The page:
Starring: Michael Fassbender, Cameron Diaz, Penelope Cruz, Javier Bardem, Rosie Perez, Brad Pitt, John Leguizamo, Toby Kebbell, Edgar Ramirez, Dean Norris, Ruben Blades, Goran Visnjic, Bruno Ganz
Running Time: 130 Minutes
With Ridley Scott directing a Cormac McCarthy script with this cast you’d be forgiven for being tricked into watching such a vapid piece of nonsense. Throughout the film you’ll spend more time wondering how everybody got roped into such pretentious drivel, rather than focusing on the plot. Ridley Scott has wanted to work with Cormac McCarthy for a long time, failing to get a ‘Blood Meridian’ adaptation off the ground, so he probably jumped at the opportunity to direct an original script from the novelist. This is also evident in the cast padding, where big stars walk on, say a few lines, and quickly walk again. I’ve purposefully mentioned John Leguizamo in the cast list above as he seems to be the only actor going uncredited and I believe everybody involved here should answer for their crimes.
The first 50 minutes (at least) of this painful extended edition, sees a series of one to one conversations. That’s it. Character’s meet up and then prattle on over some existential nonsense that simply bores. Intelligent scripts are fine, but they should at least advance the plot and manage to engage at the same time. McCarthy fails to shake off his novelist roots, with the huge downfall being that in a book the reader can imagine the delivery of lines, whereas an actor can only give one interpretation. Books also take place in the landscape of the mind, but a film takes on a realistic physical form. By the time a plot does get rolling, most audience members will comatose.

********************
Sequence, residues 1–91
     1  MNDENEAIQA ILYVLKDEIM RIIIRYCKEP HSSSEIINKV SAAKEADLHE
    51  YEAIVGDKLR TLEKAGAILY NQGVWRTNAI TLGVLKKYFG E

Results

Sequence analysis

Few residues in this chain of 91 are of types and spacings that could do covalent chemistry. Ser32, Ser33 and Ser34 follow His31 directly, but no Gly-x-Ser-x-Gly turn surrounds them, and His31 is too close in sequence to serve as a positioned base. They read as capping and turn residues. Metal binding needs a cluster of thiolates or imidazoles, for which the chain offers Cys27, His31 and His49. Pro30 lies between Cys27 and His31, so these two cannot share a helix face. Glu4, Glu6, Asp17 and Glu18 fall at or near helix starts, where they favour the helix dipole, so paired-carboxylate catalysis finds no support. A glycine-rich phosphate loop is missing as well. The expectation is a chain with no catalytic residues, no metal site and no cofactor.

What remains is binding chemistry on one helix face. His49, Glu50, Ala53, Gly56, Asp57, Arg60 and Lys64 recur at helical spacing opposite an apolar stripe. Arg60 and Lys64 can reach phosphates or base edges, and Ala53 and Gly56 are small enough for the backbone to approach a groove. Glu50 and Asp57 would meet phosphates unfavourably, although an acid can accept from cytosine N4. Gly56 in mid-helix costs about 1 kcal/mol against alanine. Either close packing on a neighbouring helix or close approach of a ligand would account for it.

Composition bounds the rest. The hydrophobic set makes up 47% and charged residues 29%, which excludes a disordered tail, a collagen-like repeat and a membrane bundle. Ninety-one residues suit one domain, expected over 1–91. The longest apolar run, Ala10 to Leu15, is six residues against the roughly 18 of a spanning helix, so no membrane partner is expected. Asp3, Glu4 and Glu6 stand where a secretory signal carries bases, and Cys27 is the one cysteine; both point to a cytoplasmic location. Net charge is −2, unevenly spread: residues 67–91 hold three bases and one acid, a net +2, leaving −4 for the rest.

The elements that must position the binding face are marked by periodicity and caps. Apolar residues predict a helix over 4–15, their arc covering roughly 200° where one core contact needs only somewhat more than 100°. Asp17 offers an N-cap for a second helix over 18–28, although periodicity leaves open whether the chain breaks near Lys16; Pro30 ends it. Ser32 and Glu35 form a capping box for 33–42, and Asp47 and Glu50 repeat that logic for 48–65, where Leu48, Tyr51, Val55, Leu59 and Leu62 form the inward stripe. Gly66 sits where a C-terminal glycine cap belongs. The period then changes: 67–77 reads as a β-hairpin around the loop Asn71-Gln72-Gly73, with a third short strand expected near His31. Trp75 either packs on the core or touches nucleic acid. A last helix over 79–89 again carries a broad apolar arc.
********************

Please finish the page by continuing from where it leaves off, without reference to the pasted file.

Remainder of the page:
The plot sees Michael Fassbender as a counsellor who is called ‘Counsellor’. It isn’t even that his name is never mentioned, it’s that this is how people refer to him. He decides to get involved in some drug trafficking despite his high salary because as he puts it himself, he’s greedy. This spirals out of control when things go wrong and you can imagine the violent implications. It sounds good on paper, but everything is so tedious and drawn out I was literally doing muscle exercises to just stay awake. The film even seems to get bored of itself, after 50 minutes of ridiculous anecdote swapping between the characters, Scott finally decides to show one as a flashback, probably to jolt us out of the monotony of shot-reverse-shot dialogue sequences.
The film isn’t without merit. It looks gorgeous at times thanks to lavish set design and crisp cinematography, Cameron Diaz gives a career best performance despite having to dub her part in post after her thick Barbados accent was rejected by the studio (which leaves us with a hilarious moment where she declares “You Americans” without any indication she isn’t an American), and the film does contain one of the best and most excruciating deaths ever caught on film. It’s sequences like the latter that remind us what a great director Scott is, but when being handed a compilation of inane conversations he obviously struggles. These points aren’t enough to warrant a viewing though, and it should only be viewed by those with time to burn, but even then I’d suggest reading the script (available to purchase) rather than sitting through this cinematic effort.
(1 / 5)THE COUNSELLOR is released on DVD and Blu-ray from 17th March.